This paper describes the safety factors used for fracture assessments of pipes having circumferential surface flaws. The “Fitness-For-Services Codes (the FFS Codes)” of the Japan Society of Mechanical Engineers (JSME) restrict the depths of flaws according to their angles to prevent pipes with flaws from being fracture. Past restrictions were determined based on deterministic evaluations. In fracture assessments of pipes having flaws, however, the effects of measurement errors in flaw dimensions and of variations on material strength must be taken into account. Thus, we evaluated the effects of such variations on fracture assessments of pipes having flaws, and examined safety factors for giving failure probability (or reliability) equal, irrespective of the cracking angles. We found out that failure probability is heavily dependent on the measurement accuracy of flaw depths and material strength (flow stress). In view of this finding, we examined and proposed a simple approach which meets the target reliability without conducting complex evaluations by the Monte Carlo method and reliability evaluation methods (e.g., first-order second-moment method (FOSM)).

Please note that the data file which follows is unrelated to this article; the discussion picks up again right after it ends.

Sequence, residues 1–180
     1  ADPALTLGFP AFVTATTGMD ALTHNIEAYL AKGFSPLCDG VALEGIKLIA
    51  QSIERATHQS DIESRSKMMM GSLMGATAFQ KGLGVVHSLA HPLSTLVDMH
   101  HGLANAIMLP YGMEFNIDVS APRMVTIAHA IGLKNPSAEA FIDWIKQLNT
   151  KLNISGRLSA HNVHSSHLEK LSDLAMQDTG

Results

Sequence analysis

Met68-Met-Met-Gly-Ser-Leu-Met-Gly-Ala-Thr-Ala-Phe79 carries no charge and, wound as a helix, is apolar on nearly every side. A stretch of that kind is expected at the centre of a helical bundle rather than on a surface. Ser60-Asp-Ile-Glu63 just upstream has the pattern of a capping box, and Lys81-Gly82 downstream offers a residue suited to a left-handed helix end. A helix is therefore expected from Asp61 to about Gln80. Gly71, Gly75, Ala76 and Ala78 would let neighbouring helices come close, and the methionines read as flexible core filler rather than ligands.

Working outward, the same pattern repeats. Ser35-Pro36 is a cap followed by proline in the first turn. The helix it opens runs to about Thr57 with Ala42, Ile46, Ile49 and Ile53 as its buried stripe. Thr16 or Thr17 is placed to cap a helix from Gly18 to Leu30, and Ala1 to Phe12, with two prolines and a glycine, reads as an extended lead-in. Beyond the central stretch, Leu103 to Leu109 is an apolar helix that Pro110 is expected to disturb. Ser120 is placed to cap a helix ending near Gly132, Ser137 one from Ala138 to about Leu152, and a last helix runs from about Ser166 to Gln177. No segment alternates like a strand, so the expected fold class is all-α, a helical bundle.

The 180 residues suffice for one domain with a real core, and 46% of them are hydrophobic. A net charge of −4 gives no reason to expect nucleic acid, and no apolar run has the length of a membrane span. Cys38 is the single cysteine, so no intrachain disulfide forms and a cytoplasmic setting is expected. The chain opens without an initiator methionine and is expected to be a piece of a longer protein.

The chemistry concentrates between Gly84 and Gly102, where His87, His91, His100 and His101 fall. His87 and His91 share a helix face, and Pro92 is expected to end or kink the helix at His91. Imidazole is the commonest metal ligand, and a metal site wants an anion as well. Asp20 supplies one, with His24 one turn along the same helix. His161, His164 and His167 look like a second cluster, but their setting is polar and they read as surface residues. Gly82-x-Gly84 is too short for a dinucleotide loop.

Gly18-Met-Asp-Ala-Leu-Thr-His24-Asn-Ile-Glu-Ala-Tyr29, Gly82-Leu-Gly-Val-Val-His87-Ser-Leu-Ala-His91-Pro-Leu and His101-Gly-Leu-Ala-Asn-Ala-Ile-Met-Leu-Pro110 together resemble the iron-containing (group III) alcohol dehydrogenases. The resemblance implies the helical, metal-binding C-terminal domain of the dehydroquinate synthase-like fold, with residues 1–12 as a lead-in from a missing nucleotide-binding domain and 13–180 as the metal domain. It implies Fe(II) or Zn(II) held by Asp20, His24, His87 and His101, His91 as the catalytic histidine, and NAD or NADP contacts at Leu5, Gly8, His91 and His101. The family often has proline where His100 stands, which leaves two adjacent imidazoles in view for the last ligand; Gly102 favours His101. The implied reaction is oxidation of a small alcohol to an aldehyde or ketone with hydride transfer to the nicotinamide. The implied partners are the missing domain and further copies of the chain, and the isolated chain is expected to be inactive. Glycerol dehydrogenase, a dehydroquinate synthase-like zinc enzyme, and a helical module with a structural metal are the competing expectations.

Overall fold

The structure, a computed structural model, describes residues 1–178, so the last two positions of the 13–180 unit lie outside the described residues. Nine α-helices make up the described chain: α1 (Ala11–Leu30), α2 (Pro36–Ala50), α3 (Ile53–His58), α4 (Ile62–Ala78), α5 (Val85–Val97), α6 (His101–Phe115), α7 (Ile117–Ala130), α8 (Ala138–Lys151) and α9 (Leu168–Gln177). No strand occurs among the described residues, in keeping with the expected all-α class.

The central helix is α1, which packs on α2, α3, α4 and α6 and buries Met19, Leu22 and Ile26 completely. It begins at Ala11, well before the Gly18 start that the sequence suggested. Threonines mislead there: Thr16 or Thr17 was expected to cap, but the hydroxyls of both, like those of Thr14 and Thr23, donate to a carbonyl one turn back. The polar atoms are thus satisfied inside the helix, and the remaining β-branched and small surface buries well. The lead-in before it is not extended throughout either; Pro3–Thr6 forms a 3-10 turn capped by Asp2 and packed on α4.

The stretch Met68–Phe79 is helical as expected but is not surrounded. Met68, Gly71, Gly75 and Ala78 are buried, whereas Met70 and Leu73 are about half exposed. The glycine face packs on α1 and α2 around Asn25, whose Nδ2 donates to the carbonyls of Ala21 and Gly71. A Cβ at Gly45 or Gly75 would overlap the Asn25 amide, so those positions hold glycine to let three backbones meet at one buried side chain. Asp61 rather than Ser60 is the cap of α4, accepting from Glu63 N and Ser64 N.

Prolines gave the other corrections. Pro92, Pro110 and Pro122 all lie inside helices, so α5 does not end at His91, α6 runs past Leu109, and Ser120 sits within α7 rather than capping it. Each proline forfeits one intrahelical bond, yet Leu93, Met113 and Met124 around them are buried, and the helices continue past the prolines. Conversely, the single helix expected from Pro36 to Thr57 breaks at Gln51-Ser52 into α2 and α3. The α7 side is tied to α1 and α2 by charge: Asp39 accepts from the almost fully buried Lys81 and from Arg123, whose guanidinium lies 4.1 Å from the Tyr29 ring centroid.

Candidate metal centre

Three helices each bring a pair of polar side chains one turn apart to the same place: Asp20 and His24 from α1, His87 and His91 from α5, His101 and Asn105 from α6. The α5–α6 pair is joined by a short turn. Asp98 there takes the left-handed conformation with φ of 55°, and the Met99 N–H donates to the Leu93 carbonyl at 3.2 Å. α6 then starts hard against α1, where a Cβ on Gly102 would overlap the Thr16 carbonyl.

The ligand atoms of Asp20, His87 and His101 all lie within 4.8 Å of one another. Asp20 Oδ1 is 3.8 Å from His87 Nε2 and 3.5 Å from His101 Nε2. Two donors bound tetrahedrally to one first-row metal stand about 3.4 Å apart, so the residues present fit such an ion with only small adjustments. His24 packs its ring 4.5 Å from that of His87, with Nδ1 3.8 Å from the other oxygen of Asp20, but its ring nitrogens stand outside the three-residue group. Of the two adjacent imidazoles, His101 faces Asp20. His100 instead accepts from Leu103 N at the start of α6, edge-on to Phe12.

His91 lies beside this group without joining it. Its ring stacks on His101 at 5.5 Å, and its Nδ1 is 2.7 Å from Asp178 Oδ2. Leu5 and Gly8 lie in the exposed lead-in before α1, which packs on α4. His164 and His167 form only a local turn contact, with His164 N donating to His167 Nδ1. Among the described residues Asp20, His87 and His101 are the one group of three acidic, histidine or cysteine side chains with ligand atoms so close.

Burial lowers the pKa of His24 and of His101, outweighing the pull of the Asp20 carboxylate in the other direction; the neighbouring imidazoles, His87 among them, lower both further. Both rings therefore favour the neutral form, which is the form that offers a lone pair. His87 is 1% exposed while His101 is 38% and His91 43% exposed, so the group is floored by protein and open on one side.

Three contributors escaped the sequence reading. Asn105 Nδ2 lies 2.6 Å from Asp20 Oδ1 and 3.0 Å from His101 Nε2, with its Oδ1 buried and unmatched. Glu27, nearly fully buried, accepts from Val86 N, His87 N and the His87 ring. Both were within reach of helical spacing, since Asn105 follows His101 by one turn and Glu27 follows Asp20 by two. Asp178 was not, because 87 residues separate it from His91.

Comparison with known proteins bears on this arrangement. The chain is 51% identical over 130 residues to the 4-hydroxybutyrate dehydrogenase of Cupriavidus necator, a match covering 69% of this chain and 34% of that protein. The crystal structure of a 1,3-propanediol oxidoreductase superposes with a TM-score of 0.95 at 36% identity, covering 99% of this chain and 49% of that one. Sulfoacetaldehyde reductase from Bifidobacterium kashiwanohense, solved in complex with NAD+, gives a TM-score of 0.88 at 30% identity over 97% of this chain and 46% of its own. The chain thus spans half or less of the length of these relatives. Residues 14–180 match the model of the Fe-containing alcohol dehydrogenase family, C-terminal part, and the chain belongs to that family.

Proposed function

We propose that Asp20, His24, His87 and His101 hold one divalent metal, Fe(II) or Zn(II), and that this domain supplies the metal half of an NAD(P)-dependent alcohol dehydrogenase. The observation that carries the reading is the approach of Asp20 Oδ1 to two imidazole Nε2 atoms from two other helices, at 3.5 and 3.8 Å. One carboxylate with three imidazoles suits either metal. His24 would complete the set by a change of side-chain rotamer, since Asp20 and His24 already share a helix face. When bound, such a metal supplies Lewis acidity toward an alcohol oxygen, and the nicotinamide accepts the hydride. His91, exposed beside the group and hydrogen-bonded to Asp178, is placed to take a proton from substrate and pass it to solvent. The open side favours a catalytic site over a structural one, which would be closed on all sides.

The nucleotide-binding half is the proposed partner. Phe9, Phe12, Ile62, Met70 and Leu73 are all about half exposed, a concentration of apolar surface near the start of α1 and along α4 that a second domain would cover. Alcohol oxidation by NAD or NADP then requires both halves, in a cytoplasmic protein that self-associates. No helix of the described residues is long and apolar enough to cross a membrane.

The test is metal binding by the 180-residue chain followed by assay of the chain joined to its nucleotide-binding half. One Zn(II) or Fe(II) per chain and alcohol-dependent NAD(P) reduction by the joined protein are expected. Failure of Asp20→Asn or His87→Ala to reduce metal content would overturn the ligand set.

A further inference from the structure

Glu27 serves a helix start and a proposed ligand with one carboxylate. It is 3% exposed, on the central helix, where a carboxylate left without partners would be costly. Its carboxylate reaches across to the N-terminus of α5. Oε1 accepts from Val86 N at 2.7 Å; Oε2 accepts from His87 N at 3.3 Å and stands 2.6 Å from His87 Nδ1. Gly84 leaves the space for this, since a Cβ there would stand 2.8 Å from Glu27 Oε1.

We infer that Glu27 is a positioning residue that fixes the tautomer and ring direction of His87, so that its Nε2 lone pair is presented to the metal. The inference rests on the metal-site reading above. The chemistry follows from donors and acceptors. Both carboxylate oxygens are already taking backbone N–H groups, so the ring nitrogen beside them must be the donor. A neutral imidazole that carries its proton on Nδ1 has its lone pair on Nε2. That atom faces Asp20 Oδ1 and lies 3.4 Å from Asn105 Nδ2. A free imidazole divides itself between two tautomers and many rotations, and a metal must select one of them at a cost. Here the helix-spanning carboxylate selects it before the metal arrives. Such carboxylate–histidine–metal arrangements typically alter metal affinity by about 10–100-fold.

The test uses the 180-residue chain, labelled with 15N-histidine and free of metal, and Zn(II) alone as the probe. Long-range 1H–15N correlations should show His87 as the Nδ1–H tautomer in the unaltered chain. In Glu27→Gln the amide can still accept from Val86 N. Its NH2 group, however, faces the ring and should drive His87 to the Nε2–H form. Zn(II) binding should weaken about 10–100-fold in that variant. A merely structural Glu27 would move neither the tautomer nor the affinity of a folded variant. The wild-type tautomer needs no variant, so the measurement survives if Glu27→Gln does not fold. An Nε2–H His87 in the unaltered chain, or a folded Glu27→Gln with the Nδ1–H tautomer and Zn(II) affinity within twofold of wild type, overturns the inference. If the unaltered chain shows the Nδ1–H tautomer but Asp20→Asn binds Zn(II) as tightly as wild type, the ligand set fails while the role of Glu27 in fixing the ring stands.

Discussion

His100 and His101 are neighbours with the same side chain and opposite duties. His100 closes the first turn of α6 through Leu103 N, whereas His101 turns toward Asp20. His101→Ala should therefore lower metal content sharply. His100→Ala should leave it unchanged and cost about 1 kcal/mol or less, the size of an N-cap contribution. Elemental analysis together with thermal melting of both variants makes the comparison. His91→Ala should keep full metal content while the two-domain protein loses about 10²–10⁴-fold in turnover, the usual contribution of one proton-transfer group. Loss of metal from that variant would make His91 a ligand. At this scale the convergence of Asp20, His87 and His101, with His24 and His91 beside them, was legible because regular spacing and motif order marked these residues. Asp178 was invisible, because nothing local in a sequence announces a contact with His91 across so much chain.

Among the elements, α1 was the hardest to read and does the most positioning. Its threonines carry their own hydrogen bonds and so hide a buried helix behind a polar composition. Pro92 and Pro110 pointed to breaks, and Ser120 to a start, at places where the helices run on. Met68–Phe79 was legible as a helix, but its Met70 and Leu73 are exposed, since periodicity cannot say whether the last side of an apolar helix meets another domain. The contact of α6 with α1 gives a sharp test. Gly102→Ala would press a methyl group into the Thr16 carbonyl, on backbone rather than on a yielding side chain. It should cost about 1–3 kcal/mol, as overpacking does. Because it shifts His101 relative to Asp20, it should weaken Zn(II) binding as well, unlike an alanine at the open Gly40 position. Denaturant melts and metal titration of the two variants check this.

This content is only available via PDF.
You do not currently have access to this content.